Bag a Macnab

PHOTOGRAPH Adam Whitehead
STYLING David Lamb 

August 19, 2016


Jackets, breeks, sweaters by Purdey
Gloves by Alain Paine
Boots by Hunter Field
Lightweight shooting jacket by Barbour


Since the 1920s, optimistic sportsmen have been heading to the Scottish countryside in the hope of “bagging a Macnab”. Now you can try Gleneagles’ own version

“It started off when my colleague had a family in for the morning to do fishing, archery, clay pigeon shooting and air-rifle shooting,” says Gleneagles’ shooting instructor, Nick Raby. “‘I’ve got the full Macnab here,’ he yelled”. Thus the Gleneagles Macnab was born. The history of the Macnab, though, goes back much further.

In 1925, the year after the Gleneagles hotel opened, author John Buchan published a novel called John Macnab. The story follows three bored men from London’s clubland as they put a challenge to three Scottish estates: “John Macnab” – their collective name – would poach a salmon or a stag from each estate and return it to the owner undetected. The novel planted a seed and soon the idea of “bagging a Macnab” took off.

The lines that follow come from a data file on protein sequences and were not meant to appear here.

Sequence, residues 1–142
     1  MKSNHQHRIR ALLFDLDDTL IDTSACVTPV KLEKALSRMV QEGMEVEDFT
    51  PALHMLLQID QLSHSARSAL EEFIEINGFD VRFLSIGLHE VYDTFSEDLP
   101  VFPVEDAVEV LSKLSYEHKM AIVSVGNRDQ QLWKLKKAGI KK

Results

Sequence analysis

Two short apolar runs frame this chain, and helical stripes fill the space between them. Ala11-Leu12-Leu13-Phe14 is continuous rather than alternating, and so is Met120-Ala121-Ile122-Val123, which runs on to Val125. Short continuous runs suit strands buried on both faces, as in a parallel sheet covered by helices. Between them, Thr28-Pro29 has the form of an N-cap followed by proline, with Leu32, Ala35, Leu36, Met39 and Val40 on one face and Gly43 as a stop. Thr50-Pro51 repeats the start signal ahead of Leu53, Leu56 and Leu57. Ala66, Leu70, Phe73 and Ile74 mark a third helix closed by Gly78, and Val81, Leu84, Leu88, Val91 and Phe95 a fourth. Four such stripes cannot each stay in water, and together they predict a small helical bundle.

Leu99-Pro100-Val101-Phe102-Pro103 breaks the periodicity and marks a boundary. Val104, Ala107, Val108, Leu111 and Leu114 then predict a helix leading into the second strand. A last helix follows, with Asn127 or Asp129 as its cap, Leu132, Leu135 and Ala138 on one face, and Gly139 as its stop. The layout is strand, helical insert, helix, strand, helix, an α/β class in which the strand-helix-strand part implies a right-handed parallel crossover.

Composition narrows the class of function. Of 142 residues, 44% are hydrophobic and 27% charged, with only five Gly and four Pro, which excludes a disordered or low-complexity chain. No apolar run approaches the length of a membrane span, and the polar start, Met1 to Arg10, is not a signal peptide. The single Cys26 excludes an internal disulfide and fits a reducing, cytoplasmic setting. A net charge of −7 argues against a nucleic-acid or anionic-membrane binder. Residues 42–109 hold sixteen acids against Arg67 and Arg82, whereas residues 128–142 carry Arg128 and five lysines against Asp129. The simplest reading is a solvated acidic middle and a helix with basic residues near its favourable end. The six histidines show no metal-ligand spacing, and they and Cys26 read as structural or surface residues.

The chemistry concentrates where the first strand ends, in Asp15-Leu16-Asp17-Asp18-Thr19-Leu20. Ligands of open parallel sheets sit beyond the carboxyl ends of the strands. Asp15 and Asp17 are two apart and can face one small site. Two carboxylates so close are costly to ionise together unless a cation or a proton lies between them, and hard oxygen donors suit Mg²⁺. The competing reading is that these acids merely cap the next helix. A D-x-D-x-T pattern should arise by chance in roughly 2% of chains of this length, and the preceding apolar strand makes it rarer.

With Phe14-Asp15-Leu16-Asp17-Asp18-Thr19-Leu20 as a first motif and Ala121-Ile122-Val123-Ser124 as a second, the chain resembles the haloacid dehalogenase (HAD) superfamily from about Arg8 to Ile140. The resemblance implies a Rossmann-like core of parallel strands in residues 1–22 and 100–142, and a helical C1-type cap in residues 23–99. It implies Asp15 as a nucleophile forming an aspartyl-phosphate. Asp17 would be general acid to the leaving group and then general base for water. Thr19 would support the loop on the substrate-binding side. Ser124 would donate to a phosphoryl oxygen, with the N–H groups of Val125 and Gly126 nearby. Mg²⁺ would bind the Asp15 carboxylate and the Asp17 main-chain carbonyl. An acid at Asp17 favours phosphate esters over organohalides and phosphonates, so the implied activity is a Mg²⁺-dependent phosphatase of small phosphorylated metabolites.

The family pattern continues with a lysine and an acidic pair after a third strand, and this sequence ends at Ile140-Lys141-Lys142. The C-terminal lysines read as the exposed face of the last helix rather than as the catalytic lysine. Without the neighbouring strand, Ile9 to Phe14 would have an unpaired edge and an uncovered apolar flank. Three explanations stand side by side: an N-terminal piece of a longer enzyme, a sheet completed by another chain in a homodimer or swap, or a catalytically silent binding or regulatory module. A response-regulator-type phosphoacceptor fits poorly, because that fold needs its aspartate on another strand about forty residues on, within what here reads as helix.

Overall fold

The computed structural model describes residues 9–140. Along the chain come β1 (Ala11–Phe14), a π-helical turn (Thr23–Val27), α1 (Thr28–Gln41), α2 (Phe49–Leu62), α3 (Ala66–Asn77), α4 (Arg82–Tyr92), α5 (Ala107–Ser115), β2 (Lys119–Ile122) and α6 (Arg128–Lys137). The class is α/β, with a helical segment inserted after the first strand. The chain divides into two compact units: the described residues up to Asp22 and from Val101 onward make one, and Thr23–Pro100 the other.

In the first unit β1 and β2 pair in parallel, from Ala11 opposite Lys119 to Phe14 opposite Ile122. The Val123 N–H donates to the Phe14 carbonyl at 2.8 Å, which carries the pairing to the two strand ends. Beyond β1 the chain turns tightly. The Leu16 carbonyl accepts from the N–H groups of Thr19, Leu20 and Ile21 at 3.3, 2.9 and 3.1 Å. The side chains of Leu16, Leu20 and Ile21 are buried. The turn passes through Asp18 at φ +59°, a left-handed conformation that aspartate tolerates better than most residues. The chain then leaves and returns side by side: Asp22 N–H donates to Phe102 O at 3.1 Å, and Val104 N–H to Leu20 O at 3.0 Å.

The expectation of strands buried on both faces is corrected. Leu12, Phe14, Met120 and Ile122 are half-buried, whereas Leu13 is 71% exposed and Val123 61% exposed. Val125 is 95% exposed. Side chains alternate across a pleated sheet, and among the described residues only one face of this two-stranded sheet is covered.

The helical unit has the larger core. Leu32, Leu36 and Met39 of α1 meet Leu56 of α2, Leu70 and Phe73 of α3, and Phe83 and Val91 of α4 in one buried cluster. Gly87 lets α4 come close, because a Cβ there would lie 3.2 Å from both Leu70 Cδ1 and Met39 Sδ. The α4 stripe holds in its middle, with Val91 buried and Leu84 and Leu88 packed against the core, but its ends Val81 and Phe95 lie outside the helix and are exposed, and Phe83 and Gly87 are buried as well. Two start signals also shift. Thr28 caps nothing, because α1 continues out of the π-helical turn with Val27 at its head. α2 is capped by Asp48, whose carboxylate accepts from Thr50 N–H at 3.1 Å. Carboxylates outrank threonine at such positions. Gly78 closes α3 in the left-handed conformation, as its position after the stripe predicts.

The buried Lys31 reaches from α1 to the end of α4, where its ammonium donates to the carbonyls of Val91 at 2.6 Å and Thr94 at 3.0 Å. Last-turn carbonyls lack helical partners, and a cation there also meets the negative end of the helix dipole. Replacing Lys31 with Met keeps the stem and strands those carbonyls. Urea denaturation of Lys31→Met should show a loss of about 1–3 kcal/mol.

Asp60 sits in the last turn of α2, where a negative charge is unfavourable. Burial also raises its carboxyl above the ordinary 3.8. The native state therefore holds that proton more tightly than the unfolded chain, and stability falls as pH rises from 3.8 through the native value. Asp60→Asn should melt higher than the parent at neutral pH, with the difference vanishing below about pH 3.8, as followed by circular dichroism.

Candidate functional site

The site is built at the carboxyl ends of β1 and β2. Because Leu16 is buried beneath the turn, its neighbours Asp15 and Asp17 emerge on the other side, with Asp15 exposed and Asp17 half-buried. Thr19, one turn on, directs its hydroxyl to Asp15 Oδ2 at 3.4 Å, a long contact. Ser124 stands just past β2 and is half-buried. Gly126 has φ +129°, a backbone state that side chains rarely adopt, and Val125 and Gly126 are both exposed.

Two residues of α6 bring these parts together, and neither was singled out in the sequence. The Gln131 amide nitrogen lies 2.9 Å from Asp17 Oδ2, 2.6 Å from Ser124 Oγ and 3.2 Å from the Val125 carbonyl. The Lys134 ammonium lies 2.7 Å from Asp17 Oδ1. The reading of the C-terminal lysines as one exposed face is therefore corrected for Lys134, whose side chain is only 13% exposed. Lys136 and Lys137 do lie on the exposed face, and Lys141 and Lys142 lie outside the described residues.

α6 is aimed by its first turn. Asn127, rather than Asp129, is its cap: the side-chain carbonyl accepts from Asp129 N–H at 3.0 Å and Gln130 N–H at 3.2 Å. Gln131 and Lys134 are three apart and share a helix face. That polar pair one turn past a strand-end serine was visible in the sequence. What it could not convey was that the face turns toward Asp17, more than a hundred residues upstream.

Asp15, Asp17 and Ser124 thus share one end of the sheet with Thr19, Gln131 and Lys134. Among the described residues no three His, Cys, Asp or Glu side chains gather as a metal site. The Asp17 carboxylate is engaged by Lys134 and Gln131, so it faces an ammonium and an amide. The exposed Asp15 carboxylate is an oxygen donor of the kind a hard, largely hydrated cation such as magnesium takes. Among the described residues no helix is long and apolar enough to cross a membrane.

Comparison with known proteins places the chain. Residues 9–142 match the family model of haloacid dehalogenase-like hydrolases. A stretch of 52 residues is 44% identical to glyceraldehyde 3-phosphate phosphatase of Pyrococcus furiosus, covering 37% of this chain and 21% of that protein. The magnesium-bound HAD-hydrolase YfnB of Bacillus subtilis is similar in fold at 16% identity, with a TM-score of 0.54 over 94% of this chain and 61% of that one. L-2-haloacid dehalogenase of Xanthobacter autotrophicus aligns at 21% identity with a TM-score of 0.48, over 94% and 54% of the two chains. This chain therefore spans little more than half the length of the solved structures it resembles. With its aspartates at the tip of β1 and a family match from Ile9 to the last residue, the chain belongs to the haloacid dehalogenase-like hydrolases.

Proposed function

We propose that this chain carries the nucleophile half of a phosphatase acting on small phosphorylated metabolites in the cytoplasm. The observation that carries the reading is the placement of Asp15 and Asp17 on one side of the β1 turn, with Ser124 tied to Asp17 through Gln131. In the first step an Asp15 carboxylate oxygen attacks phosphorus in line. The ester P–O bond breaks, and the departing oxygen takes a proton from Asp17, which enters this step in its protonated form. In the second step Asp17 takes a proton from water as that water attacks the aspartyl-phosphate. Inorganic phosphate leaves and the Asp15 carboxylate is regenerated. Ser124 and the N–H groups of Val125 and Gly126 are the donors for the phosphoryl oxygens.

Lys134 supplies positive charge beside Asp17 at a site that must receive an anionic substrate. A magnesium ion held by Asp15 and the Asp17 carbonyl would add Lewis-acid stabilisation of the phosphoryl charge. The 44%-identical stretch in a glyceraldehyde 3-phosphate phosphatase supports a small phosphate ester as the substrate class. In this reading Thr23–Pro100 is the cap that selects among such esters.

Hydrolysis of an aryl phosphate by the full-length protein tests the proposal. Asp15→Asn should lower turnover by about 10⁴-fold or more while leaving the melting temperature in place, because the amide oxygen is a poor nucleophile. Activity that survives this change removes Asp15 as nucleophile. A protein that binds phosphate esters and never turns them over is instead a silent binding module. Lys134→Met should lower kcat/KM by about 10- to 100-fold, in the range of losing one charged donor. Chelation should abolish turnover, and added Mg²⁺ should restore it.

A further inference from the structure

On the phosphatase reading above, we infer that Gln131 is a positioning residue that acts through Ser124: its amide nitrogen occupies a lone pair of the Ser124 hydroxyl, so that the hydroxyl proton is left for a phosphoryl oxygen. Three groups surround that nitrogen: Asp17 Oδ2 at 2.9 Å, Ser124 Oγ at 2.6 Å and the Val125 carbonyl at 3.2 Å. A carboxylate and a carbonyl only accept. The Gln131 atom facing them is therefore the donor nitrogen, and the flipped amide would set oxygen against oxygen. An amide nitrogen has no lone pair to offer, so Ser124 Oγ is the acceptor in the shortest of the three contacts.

The original challenge was to shoot a stag and a grouse, and to catch a salmon in the same day: often referred to as the pursuit of “fur, feather and fin”. It might sound straightforward but the difficulty of walking three or four miles to find a grouse, the same distance again for a stag and then having time enough to catch a salmon means that the Macnab often defeats even the most experienced sportsmen. For others, pure luck gives them the thrill of unexpected success.

Today, there are few estates where such a feat would even be possible. On most, you wouldn’t find the animals in close enough proximity to each other – which is why many have created their own versions. Near Gleneagles, for example, there’s the “lowland Macnab” – shooting a buck, a pheasant and catching a trout – but at the hotel a more humane version has proved equally popular.

So, what does the Gleneagles Macnab entail? Shooting ten clays from the King’s Pheasant high tower, getting eight bull’s eyes at the air rifle range and six golds in archery, then finishing the day off by catching a rainbow or a wild brown trout at Greenwells Loch on The PGA Centenary course or Laich Loch. Unlike the original Macnab, time is on your side, but for each element of the challenge you’ll have the exact number of attempts and no more – just ten clays fired, eight shots at the rifle range and six arrows for the archery. There’s as long for the fishing as you like, but only the most patient succeed.

The perfect group challenge, you can even spend the whole day with the same instructor in tow. Will you succeed? Now that’s another matter...

To book an experience at The Gleneagles Shooting School call 01764 694344.

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